To finish off their week-long summit, the young leaders of the 2017 Young Leaders Summit on Northern Climate Change held a press conference at which they made a declaration for climate change action. After their presentation, a few participants got to speak to the press about their experience! They did an awesome job of talking about what they gained through participating in the summit. Listen to their interviews with CBC Radio!
Our first stop of the day was the Da Ku Cultural Centre. Our guide Sheila Kuhniiruk discussed the history of the Champagne and Aishihik First Nations people and their relationships to the park and the land. She showed us traditional tools and clothing used by their people for many years, and reinforced the importance of having respect for the elders and the land, who have guided our growth.
Samuel Turcott provided additional information about Kluane National Park. Did you know that Canada and the US share a 2nd highest peak: St Elias?
After a quick visit to Village Bakery, we stopped at Silver City, where we continued a discussion of climate change impacts and what is needed by youth in order to address these issues. Then the dust began to roll in… On the shores of the Kluane Lake and Slims River, we experienced the impact of the receding Kaskawulsh Glacier. With the water dwindling to the Pacific instead of the Bering Sea via Kluane Lake, this has caused the lake and shorelines have receded dramatically! Now, a significant portion of the lake and river bottoms exposed to the Slims Valley winds. The fine glacial sediment now blows, creating large dust clouds, changing the surrounding landscape.
At the Kluane Lake Research Station, two researchers from Squirrel Camp shared highlights from their long term research from a monitoring program on the snowshoe hare and red squirrels. They noticed the increased risk to survival as they rely on camouflage to stay hidden from predators. As the seasons cycles become more variable and inconsistent, the hares’ fur doesn’t change with the seasons as it once did.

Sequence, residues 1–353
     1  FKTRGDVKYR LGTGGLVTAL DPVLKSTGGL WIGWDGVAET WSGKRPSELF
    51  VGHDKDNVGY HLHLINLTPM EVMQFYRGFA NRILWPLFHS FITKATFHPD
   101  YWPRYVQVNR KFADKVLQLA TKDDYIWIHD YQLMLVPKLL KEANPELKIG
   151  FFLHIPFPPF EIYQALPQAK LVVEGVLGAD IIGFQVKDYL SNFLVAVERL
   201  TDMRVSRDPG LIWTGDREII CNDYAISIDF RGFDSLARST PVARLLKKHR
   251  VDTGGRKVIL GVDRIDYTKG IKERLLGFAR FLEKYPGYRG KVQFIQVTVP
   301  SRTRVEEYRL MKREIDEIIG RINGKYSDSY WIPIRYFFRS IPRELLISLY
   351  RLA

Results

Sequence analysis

Dr. Matthew Ayre then led us back to the past to discuss his unique research of using old whaling log books to map polar ice caps. Bowhead Whales lived at the edges of ice packs where their food was; therefore these whaling log books are able to be used to create a map of sea ice prior to the existence of satellite imagery.
Kwanaschis to all the speakers today!
How would you survive in a -62C winter?
Seven layers of caribou hides with the fur facing inwards packed with snow on top. This is the technique that the northern youth climate change leaders learned was traditionally used by the Indigenous people of the region at the Long Ago Peoples Place near Haines Junction. Meta and Harold have noticed changes in their traditional land due to climate change. There are more insects, aphids killing aspen trees and no strawberries this year. Climate change is changing the traditional ways of life in the North.
Our first day of presentations was a day of making connections for me. A common experience in these types of Northern communities, it was an exercise in intersectionality, with many different perspectives and topics being presented. While I had explored all topics before, through my academic and career work and personal interest, I loved the opportunity to run through my mental library and pull out things that paired with concepts brought up today. Below my resource list with corresponding presentations from the great guests we had:
Raven Recycling: More emphasis needs to be placed on reducing and reusing, especially when it comes to plastic. Personally, I have been working to plan a build of a reprocessing machine for use at my place in Inuvik. Plans and blueprints are available, open-source, from Precious Plastics. I hope to build an extruder for melted plastic that can create filament for use in my 3D printer.
Scott Slocombe: Discussion of land management in the Kluane region is relevant to my work with the Gwich’in Land and Water Board and other co-management boards in the Mackenzie Valley. The Mackenzie Valley Environmental Impact Review Board has a great overview document of Environmental Assessment, available in English, French, Gwich’in, Slavey, etc.
Discussing Food Security at the Arctic Institute of Community-Based Research:
During the meeting with Norma Kassi (Co-founder and Indigenous Collaborator), Katelyn Friendship (Co-Director), Molly Pratt (Communications and Research Coordinator), and Jody Butler Walker (Co-founder and Co-Director) covered the topic of food security in terms of traditional food that is available now, and future plans of tackling the issues of dwindling traditional food sources due to climate change and the effects that is has on migration routes, food sources for the animals and the changing temperatures. We also talked about alternative food sources in the case we do lose the traditional food sources, such as community gardens.